UK expert to help push national organic policy
Guyana on brink of cocoa certification
Stabroek News
February 13, 2002

A United Kingdom (UK) soil specialist is here to examine the national organic agriculture policy and identify the regulations that should be in place to meet the international standards.

The consultant from the Soil Association of the UK, John Myers arrived over the weekend and will be occupied in several areas relating to the development of a viable organic produce sector, Minister of Fisheries, Crops and Livestock, Satyadeow Sawh, said. Sawh was at the time speaking to reporters on Monday at his Regent and Vlissengen Roads office after welcoming the soil specialist who was accompanied by British High Commissioner, Edward Glover when he paid a courtesy call on him.

Among the areas proposed for examination by Myers, the minister stated, is the evaluation of proposals for diversification in the sector, the examining of potential sites to be used for organic development, standards to be applied and practices associated with the growth of such produce.

The consultant will also be engaged in examining proposals for an acceptable national regulatory framework and proper maintenance of standards in the production of organic produce and government actions and policies that could assist in the development of organic agriculture.

Sawh, briefing reporters on Myers' schedule, stated that the country is hoping to achieve certification to export organic produce to the UK and other lucrative European niche markets.

High Commissioner Glover just back from a trip to the UK and who is instrumental in pushing the organic cause, stated that the country is on the brink of certification for cocoa, which he stated is key for capturing the available markets. Organic cultivation of cocoa is currently being undertaken in Hosororo in the north west and this is seen as the pilot for nurturing other crops. A shipment of organically grown cocoa has already been sent to the UK for processing into chocolates.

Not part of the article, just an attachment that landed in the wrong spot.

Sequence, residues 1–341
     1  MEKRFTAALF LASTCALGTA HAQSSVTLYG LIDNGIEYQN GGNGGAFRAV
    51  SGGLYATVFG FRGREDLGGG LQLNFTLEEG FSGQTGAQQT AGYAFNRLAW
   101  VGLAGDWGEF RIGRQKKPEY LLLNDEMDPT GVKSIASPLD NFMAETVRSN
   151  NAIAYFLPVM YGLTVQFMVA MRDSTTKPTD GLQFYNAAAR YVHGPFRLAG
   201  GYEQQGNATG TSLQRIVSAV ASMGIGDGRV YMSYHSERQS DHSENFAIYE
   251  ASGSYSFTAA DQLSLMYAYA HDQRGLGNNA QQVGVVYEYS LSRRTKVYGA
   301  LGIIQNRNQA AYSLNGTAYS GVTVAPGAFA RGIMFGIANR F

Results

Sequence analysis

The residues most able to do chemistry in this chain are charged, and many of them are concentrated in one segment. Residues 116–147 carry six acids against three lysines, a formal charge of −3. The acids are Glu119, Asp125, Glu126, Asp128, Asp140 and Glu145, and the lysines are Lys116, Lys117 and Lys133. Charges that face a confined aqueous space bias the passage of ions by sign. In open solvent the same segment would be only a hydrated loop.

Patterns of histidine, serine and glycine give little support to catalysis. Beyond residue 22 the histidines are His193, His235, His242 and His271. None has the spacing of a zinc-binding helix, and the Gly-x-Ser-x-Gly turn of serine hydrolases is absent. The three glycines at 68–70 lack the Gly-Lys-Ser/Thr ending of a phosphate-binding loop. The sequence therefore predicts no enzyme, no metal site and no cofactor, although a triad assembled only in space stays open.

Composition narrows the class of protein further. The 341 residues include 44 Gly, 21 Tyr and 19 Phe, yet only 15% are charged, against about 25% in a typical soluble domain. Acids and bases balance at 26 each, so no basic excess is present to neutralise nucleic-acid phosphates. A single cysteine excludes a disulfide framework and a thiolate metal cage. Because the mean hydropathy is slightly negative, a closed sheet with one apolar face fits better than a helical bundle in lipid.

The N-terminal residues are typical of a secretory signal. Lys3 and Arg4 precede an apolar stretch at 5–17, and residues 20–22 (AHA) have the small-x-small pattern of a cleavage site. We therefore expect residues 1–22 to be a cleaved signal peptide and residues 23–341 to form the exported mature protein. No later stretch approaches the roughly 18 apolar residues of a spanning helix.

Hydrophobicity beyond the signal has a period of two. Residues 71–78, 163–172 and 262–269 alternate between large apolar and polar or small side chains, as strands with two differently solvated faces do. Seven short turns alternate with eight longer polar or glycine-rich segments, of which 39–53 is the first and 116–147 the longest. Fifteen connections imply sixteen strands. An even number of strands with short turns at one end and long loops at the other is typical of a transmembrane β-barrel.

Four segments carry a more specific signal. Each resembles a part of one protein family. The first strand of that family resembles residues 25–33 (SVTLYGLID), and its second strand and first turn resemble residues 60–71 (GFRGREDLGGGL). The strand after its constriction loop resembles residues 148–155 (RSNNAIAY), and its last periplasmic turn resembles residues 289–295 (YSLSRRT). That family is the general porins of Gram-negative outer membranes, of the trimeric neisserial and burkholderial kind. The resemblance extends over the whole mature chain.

While recognising that the demand for such products is on the increase, Glover stated that it is time to look at other options, possibly in the context of fresh fruits.

On that basis he had invited Myers to come and address issues relating to the development of a viable local organic sector.

He is hopeful that by the end of the week Myers would be well acquainted with Guyana's organic sector in order to pronounce on it.

Reiterating that no country gets a second chance, the High Commissioner stated that they are many competitors in the field so the opportunity has to be grasped to ensure that all systems are in place to allow for economic diversification.

He further stated that organic agriculture is a cut-throat business requiring the regular supply of high quality products at the right price. It's not a game for amateurs, Glover added.

Guyana, he further stated, needs to have a clear idea of the type of business environment it is entering so that it could work out what has to be done to meet the demands of supermarkets in the UK and elsewhere.

Director of the National Agricultural Research Institute (NARI),

Dr Oudho Homenauth who is responsible for preparing the schedule for Myers, stated that the UK official will be meeting different players and visiting potential areas identified for such production.

Among the areas to be visited by Myers are the West Demerara communities of Canals No. 1 & 2, Uitvlugt and Parika, along with Mainstay and Pomeroon on the Essequibo Coast.

A seminar will also be held at NARI, Mon Repos to examine the requirements necessary for cultivation and certification of organic products. Some of the crops being looked at for organic cultivation, according to Homenauth, are passion fruit, mangoes, avocados, papaws and cashews along with a number of local vegetables. Honey is another product under consideration to be organically produced.

A further briefing is planned for Friday at which time Myers will address issues relating to local organic produce.